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What happened at General Synod?

What happened at General Synod?
LLF - is there a glimmer of hope?

March 1, 2024

There were debates about Racial Justice (bad), Ukraine (bad), Estates Evangelism (good), Biodiversity (good), Chattel Slavery (bad), Bullying by Lay People/Officers (bad), PCC Codes of Conduct (good), Ukraine War (bad) and Clergy Pensions (review). If you would like more detail about any of these issues just press reply on this email - and I'll be happy to fill you in - I just didn't want to get too bogged down in details here.

And then there were the 'usual suspects':

Having spent £1m on two safeguarding reports, recommending the desperate need and process for creating independent safeguarding structures, the Synod voted for an internal team to consider the way forward. The tone of the debate and the comments being made appeared to show little understanding of the issues. There was confusion about the meaning of 'independence' or 'responsibility'; prioritisation of exisiting staff and structures over the needs of survivors; and bishops who could not imagine a world where they were not in power. The internal team is made up of insiders and the one 'independent' voice has a complex history which could come back to bite.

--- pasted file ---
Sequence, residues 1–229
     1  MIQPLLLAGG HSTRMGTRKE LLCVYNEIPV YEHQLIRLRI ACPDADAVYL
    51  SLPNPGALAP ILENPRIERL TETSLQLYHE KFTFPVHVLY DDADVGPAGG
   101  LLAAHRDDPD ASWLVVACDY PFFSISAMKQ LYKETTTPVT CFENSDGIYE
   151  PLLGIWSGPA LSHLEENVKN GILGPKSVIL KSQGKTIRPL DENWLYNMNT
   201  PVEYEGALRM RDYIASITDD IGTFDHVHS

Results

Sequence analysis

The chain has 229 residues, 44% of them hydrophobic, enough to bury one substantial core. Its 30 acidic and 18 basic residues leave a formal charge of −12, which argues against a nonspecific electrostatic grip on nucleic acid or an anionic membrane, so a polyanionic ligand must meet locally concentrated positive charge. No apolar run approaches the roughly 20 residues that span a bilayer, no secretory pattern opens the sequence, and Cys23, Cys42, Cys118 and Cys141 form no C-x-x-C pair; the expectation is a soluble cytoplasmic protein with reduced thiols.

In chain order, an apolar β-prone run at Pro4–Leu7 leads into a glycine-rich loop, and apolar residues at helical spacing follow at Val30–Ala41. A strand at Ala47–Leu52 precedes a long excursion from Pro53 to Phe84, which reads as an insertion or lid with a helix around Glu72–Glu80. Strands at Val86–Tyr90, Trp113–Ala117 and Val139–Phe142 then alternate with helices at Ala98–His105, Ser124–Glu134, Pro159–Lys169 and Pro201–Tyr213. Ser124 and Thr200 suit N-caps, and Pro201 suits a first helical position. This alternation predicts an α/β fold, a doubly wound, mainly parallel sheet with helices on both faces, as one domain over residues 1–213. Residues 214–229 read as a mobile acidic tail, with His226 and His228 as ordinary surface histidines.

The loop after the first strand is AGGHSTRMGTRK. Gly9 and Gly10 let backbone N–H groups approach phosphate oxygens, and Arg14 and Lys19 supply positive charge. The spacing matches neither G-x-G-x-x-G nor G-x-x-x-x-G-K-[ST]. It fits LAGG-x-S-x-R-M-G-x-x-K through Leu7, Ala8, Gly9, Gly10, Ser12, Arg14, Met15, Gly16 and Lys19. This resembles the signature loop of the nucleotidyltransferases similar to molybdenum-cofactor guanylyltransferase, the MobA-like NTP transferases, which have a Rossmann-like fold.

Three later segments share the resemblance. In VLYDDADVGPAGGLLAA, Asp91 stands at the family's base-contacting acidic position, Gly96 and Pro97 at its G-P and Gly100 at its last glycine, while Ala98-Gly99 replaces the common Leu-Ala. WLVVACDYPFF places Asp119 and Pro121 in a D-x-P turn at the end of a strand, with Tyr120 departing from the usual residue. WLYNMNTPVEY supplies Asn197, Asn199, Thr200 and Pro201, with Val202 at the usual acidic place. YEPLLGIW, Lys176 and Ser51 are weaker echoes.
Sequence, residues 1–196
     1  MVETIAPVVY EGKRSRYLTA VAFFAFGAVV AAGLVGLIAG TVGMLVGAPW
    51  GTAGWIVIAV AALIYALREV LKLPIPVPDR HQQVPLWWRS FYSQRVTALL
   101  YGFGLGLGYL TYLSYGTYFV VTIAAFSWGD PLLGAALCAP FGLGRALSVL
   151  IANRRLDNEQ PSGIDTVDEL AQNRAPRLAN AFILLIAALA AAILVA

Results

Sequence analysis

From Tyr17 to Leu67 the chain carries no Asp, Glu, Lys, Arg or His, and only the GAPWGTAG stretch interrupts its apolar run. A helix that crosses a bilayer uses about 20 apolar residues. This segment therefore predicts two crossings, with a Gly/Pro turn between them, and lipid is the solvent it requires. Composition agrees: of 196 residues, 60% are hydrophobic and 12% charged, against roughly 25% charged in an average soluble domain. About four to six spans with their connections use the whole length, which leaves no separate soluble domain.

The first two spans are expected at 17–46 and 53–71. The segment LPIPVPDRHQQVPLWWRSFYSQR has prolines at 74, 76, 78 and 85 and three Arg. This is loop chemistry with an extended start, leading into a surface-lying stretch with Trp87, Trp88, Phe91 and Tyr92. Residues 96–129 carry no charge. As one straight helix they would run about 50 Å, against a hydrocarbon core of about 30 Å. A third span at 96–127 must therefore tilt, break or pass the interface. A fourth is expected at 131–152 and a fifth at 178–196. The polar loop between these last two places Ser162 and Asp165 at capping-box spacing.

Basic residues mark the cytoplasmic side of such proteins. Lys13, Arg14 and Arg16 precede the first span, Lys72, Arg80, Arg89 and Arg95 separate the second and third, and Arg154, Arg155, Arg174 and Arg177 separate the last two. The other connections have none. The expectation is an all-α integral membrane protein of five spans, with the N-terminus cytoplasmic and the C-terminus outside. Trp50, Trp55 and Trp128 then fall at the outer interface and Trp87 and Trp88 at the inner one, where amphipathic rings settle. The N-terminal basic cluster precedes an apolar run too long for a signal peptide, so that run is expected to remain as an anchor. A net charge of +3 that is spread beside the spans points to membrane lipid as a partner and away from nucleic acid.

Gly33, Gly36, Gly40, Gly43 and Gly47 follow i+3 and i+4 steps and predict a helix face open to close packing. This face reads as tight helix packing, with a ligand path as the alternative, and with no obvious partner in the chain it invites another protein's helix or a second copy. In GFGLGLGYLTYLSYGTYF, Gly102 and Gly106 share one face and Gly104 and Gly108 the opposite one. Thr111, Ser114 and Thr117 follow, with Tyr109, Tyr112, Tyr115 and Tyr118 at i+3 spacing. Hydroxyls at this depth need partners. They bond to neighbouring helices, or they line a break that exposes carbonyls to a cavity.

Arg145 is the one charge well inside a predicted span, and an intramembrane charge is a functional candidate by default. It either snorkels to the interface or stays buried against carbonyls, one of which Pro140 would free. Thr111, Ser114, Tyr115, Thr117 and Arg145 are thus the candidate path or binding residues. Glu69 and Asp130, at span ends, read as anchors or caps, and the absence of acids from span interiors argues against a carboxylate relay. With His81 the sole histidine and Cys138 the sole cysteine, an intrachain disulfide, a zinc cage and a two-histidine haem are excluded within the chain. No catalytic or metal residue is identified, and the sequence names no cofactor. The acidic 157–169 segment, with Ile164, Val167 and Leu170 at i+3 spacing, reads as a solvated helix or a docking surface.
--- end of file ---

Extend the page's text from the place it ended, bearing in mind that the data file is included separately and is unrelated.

The Archbishops presented their Commission on Families and Households - Love Matters. In an attempt to balance the Report's recommendations that "the quality of the relationships matters more than the form the family takes," an amendment was put forward to:
"reaffirm the value of marriage, especially when loving, as providing the most stable and permanent environment for bringing up children".

Synod voted against it.

The formal debate about the Bishop of Leicester's approach to Living in Love, Faith and Reconciliation ended in a 'move to next business' - after four amendments had been debated - which can be interpreted as no one really wanted to vote against it but no one really wanted to vote for it.

Anglican Futures have written about the problems with the suggested process and a summary of the whole debate We have also have produced a one page summary of the debate itself - suitable for sharing with PCCs, church family etc - which you can down load here.

The tone of the debate was less vicious but Synod still voted against acknowledging there were those in Synod who could not "simply agree to disagree" and "legally secure structural provision."

The Bishop of Leicester told the press that Synod had given him a "mandate" to press on - and that the next stage would be intense "shuttle diplomacy" to find a way forward. Some are positive about this - believing this will be the opportunity for proper structural differentiation to be considered. That seems rather hopeful - the Bishop of Leicester told journalists that anything that "might look like a split" is off the table to start with and Synod has voted against structural provision three times. Prayer for extraordinary negotiation skills and divine intervention will be needed.

The Bishop of Leicester has promised to bring concrete proposals (if not all the detail) back to Synod in July.


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